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By spectral shapes of guilt, or to the ground, 150
On which he stood, by spells unnatural bound,
Like a gaunt shaggy Porter forced to wait
In days of old romance at Archimago's gate.

Advancing Summer, Nature's law fulfilled,
The choristers in every grove had stilled; 155
But we, we lacked not music of our own,
For lightsome Fanny had thus early thrown,
Mid the gay prattle of those infant tongues,
Some notes prelusive, from the round of songs
With which, more zealous than the liveliest


That in wild Arden's brakes was ever heard, Her work and her work's partners she can cheer, The whole day long, and all days of the year.

Thus gladdened from our own dear Vale we pass

And soon approach Diana's Looking-glass! 165 To Loughrigg-tarn, round clear and bright as heaven,

Such name Italian fancy would have given,
Ere on its banks the few grey cabins rose
That yet disturb not its concealed repose
More than the feeblest wind that idly blows. 170

Ah, Beaumont! when an opening in the road Stopped me at once by charm of what it showed, The encircling region vividly exprest Within the mirror's depth a world at rest— Sky streaked with purple, grove and craggy


bield,1 And the smooth green of many a pendent field, And, quieted and soothed, a torrent small,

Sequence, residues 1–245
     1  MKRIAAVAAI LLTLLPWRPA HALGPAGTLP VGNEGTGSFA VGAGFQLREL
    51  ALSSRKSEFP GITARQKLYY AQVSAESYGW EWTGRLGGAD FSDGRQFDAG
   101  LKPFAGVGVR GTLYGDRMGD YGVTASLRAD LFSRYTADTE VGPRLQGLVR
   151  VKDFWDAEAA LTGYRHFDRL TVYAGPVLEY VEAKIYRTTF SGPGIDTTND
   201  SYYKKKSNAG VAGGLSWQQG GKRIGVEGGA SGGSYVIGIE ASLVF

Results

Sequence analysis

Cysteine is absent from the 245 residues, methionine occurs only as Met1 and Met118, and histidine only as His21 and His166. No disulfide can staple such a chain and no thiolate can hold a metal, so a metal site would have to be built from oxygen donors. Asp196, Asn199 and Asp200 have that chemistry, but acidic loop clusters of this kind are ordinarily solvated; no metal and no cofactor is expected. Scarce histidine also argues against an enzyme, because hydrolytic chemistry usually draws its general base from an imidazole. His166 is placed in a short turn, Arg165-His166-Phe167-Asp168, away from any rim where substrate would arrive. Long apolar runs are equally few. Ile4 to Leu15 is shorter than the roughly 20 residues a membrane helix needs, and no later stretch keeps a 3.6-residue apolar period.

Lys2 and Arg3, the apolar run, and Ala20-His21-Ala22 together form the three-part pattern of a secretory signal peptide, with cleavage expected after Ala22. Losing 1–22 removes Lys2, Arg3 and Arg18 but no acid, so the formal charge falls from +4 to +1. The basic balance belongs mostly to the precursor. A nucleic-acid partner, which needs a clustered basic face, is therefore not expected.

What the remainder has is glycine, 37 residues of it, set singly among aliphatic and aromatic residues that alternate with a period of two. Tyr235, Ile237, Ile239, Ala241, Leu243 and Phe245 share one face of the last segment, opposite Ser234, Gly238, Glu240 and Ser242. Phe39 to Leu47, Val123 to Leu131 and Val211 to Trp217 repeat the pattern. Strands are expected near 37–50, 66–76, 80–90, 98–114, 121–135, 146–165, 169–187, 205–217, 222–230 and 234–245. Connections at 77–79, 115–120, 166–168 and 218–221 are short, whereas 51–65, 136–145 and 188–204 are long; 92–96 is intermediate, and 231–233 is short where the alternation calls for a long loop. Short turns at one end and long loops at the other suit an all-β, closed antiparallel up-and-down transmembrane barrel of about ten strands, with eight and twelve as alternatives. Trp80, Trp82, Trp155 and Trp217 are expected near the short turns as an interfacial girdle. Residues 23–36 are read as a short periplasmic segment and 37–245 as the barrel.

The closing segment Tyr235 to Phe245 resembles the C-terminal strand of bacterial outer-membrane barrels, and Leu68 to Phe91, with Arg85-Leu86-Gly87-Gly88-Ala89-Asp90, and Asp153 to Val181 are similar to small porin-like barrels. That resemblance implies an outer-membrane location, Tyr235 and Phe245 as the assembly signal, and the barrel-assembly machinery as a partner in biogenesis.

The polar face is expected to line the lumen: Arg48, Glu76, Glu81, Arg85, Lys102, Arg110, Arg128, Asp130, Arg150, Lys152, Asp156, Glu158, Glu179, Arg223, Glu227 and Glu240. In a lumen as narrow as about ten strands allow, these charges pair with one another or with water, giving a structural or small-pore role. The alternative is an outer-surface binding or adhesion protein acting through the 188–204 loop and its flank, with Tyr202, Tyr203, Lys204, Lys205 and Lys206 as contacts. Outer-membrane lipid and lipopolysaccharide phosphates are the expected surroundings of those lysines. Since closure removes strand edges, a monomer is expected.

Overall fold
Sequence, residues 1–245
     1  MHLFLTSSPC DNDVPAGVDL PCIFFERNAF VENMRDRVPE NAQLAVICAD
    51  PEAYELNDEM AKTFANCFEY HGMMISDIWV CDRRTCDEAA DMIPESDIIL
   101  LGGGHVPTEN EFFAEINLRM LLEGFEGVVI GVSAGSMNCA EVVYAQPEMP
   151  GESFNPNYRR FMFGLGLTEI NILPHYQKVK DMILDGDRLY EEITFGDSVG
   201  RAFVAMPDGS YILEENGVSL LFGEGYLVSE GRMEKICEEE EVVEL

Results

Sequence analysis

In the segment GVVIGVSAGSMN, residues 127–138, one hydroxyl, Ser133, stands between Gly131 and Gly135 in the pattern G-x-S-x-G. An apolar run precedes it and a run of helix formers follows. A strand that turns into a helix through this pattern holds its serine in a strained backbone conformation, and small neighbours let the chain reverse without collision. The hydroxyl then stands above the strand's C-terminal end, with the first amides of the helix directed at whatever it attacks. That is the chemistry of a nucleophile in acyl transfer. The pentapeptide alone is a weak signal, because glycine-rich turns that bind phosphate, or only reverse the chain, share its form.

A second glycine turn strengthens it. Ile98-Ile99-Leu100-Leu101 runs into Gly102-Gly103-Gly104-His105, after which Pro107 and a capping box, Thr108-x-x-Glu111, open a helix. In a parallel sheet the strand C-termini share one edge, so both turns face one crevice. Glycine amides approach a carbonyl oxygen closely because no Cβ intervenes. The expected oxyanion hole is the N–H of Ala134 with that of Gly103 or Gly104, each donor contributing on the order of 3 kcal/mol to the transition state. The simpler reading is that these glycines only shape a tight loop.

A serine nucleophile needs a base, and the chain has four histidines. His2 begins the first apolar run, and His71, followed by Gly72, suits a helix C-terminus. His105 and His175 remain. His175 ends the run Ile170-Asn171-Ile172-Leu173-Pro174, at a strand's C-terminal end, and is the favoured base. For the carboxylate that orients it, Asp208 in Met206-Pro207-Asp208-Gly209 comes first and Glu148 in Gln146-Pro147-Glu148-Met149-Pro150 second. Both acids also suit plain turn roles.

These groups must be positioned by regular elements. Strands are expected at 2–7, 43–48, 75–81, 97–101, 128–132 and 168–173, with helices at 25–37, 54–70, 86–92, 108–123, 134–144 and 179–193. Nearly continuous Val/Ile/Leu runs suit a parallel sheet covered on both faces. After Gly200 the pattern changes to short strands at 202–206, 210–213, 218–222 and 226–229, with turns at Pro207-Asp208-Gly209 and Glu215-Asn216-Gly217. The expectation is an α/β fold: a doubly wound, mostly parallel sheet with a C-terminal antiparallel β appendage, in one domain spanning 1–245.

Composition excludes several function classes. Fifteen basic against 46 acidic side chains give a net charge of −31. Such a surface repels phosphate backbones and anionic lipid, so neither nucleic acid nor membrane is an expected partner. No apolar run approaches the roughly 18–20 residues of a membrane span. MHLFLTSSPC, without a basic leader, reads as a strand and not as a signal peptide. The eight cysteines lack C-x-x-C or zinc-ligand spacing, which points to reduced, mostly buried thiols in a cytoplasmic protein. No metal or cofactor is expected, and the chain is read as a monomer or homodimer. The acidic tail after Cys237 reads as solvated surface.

A word common in the country, signifying shelter, as in Scotland.

A little daring would-be waterfall,
One chimney smoking and its azure wreath,
Associate all in the calm Pool beneath,
With here and there a faint imperfect gleam
Of water-lilies veiled in misty steam-


What wonder at this hour of stillness deep,
A shadowy link 'tween wakefulness and sleep,
When Nature's self, amid such blending, seems
To render visible her own soft dreams,


If, mixed with what appeared of rock, lawn, wood,


Fondly embosomed in the tranquil flood,
A glimpse I caught of that Abode, by Thee
Designed to rise in humble privacy,
A lowly Dwelling, here to be outspread,
Like a small Hamlet, with its bashful head
Half hid in native trees. Alas 'tis not,
Nor ever was; I sighed, and left the spot
Unconscious of its own untoward lot,
And thought in silence, with regret too keen,
Of unexperienced joys that might have been;
Of neighbourhood and intermingling arts,
And golden summer days uniting cheerful

But time, irrevocable time, is flown,



And let us utter thanks for blessings sown And reaped-what hath been, and what is, our


Not far we travelled ere a shout of glee, Startling us all, dispersed my reverie; Such shout as many a sportive echo meeting 205 Oft-times from Alpine chalets sends a greeting. Whence the blithe hail? behold a Peasant stand On high, a kerchief waving in her hand! Not unexpectant that by early day

Our little Band would thrid this mountain way,

21 I

Before her cottage on the bright hill side
She hath advanced with hope to be descried.
Right gladly answering signals we displayed,
Moving along a tract of morning shade,
And vocal wishes sent of like good will
To our kind Friend high on the sunny hill
Luminous region, fair as if the prime
Were tempting all astir to look aloft or climb;
Only the centre of the shining cot


With door left open makes a gloomy spot, 220 Emblem of those dark corners sometimes found Within the happiest breast on earthly ground.